Tests for Monitoring Your Baby's Health

 

Special tests may be used to check the well-being of your unborn baby during pregnancy. These tests can help reassure you and your health care provider that all is going well. If problems arise, tests can help alert your health care provider that you or your baby may need special care.

 

          Fetal Kick Counts

 

Fetal movement counting (also called “kick counts”) is a test that you can do at home. Your health care provider will tell you how often to do it and when to notify him or her.

 

Why Do I need to do Kick counts?

If you have felt your baby moving less often, your health care provider may ask you to keep track of your baby's movements. Maintaining the same level of movement is a sign that the baby is doing well.

 

How Are Kick Counts performed?

One way to do kick counts is to lie on your side and note how long it takes the baby to make 10 movements. If it takes fewer than 2 hours, the result is “reassuring” (which means that for now, it does not appear that there are problems). Once you have felt 10 movements, you can stop counting that day. This test is repeated daily. Another way to do kick counts is to note fetal movements for 1 hour three times a day. You should feel at least as many movements as you usually have felt before.

 

What Do the Results Mean?

If you do not feel enough movement, your health care provider may do other tests to check the baby. These tests include the nonstress test, biophysical profile, modified biophysical profile, or contraction stress test.

 

           Nonstress Test (NST)

 

The nonstress test is the most common special fetal test. It measures the baby's heart rate in response to the baby's own movements.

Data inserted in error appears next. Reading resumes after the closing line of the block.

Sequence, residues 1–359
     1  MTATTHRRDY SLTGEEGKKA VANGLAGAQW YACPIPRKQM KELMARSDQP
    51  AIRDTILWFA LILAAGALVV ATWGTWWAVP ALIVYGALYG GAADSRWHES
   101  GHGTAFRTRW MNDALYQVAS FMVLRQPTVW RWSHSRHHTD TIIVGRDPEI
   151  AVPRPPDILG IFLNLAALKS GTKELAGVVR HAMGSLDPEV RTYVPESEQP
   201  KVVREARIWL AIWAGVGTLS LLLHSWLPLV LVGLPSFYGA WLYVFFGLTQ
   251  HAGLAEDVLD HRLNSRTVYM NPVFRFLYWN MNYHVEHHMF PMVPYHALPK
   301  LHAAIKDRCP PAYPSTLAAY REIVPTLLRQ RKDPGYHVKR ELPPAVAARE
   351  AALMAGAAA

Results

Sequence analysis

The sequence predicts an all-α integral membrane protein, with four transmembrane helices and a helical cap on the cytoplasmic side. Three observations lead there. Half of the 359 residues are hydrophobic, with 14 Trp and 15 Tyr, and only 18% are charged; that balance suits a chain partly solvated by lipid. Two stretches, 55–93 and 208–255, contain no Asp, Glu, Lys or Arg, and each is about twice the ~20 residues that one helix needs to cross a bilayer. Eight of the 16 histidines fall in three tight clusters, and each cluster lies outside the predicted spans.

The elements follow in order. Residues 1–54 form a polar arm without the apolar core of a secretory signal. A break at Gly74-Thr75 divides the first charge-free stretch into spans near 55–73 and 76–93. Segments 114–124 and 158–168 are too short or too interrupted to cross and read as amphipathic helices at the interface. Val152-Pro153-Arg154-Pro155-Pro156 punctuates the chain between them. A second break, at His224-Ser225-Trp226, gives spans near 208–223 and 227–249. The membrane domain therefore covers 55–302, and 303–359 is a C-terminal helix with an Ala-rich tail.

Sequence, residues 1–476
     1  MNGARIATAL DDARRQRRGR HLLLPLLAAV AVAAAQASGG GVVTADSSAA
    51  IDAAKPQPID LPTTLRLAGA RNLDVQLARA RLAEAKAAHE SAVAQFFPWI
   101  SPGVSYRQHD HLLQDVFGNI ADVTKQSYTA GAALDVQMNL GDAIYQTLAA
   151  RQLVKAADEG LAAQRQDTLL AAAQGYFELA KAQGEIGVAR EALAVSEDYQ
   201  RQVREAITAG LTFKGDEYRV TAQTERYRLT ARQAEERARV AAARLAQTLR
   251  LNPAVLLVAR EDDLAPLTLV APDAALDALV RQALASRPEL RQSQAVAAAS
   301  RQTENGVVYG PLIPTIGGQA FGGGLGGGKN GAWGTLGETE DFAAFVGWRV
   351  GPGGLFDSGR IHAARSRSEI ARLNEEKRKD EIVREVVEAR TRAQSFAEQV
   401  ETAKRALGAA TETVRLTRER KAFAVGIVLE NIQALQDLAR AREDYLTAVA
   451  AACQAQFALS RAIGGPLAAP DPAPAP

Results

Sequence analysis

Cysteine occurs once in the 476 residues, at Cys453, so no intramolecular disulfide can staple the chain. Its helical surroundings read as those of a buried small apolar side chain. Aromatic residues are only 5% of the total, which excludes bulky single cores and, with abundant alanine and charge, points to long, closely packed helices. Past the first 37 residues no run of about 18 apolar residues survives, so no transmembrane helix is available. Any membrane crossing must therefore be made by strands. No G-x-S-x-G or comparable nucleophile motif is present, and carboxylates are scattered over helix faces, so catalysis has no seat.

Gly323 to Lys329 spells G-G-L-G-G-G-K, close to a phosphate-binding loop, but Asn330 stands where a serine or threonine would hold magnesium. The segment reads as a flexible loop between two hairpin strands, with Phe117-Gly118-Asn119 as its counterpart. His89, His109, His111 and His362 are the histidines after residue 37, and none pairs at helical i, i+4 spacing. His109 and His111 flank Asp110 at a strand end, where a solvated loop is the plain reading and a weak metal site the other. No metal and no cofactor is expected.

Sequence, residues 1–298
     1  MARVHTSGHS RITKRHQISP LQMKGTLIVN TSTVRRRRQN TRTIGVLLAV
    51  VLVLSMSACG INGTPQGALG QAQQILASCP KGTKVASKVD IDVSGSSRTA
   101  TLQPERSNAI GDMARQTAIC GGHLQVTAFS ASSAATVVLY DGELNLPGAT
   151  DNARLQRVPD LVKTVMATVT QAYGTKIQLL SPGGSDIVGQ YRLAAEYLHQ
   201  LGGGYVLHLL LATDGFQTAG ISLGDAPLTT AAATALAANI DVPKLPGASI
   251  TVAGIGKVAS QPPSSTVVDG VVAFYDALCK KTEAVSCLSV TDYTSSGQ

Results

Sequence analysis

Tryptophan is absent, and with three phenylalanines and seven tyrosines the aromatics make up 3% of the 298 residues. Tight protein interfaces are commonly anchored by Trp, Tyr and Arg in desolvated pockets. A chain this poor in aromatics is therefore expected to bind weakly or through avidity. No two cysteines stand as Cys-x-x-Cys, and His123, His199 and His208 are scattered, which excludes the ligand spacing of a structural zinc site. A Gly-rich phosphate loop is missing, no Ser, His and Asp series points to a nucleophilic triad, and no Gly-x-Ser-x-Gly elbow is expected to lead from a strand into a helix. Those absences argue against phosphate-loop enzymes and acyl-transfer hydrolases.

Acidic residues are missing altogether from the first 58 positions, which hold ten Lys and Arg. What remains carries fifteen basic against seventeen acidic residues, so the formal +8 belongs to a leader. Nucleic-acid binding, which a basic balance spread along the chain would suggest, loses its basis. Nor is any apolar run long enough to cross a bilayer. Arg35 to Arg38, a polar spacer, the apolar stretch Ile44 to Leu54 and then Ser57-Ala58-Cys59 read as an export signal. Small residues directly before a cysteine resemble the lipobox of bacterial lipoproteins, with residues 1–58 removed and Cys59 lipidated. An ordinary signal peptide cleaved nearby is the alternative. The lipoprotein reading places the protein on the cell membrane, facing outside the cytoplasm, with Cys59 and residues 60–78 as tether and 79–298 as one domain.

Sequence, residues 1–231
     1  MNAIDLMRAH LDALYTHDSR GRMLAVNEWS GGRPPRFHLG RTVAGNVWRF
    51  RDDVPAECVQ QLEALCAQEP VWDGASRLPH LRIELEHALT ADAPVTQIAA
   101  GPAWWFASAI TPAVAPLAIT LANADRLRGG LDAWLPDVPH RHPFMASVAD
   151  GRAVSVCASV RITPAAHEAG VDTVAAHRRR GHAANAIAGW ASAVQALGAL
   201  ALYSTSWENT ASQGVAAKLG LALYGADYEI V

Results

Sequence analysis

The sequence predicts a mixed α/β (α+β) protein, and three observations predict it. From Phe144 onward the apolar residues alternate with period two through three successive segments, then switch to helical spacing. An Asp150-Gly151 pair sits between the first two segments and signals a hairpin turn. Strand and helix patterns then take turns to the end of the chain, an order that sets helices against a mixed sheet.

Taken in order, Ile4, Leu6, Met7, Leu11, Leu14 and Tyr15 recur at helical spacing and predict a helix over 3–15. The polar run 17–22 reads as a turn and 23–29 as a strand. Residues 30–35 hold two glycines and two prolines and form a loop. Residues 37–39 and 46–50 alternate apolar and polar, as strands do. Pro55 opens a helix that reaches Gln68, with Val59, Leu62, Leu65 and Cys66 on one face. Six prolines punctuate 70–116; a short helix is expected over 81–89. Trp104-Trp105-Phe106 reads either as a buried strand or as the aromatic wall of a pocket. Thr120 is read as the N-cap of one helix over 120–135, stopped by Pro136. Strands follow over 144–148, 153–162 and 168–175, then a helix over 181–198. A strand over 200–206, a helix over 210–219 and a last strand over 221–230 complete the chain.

Why Do I Need to do a NST?

This test is done to assess the health of the baby. Usually the baby's heart beats faster when he or she moves. Such changes in the fetal heart rate are believed to be a sign of good health.

 

How Are NSTs performed?

This test may be done in the health care provider's office or in a hospital. The test is done while you are reclining or lying down and usually takes at least 20 minutes. For this test, two belts are placed across your abdomen: one belt has sensors that measure the fetal heart rate and the other belt has sensors to detect uterine contractions. You are asked to note when the baby moves by pressing a button, which indicates on the fetal heart rate record when a movement has occurred. Most babies have a sleep-wake cycle of 20–40 minutes. Sometimes, the baby may be asleep and will not move two times in 20 minutes. If this happens, the test may last 40 more minutes, or the baby may be stimulated to move with sound projected over the mother's abdomen.

 

What Do the Results Mean?

 

Results of the nonstress test are classified as reactive (reassuring) or nonreactive (nonreassuring). A nonreactive result does not necessarily mean that the baby is not healthy. Nonreactive results may occur because the baby was asleep during the test. Another reason for a nonreactive nonstress test result is that the baby may be too young at the time the test is given. Nonreassuring nonstress test results are often followed by a biophysical profile or contraction stress test to give more information.

 

         Biophysical Profile (BPP)

 

A biophysical profile (BPP) test measures the health of your baby (fetus) during pregnancy. A biophysical profile uses ultrasound to check on a baby's well-being. A BPP test may include a nonstress test with electronic fetal heart monitoring and a fetal ultrasound. The BPP also may be done when results of other tests are nonreassuring.

 

Why Do I Need a BPP?

A BPP helps assess fetal well-being in these five areas:

  • Fetal heart rate

  • Fetal breathing movements

  • Fetal body movements

  • Fetal muscle tone

  • Amount of amniotic fluid around your baby

 

These are evaluated and given a score.

 

 How Is a BPP performed?

 

A BPP involves monitoring the fetal heart rate (the same way it is done in a nonstress test) as well as an ultrasound exam. Each of the five areas is given a score of 0 or 2 points, for a possible total of 10 points.

 

What Do the Results Mean?

A low score on a biophysical profile might indicate that you and your baby need further monitoring or special care. In some cases, early or immediate delivery might be recommended. A high score on a biophysical profile is reassuring and continued surveillance of your pregnancy is recommended.

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